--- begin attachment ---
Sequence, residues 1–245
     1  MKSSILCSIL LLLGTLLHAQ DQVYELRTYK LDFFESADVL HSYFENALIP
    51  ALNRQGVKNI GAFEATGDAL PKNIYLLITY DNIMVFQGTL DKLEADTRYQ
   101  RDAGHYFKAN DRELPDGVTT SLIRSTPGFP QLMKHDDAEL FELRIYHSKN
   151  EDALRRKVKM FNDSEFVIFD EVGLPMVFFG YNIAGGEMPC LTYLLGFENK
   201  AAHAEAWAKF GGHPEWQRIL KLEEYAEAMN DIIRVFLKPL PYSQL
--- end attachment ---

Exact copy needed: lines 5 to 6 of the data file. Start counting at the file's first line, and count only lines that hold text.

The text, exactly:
   151  EDALRRKVKM FNDSEFVIFD EVGLPMVFFG YNIAGGEMPC LTYLLGFENK
   201  AAHAEAWAKF GGHPEWQRIL KLEEYAEAMN DIIRVFLKPL PYSQL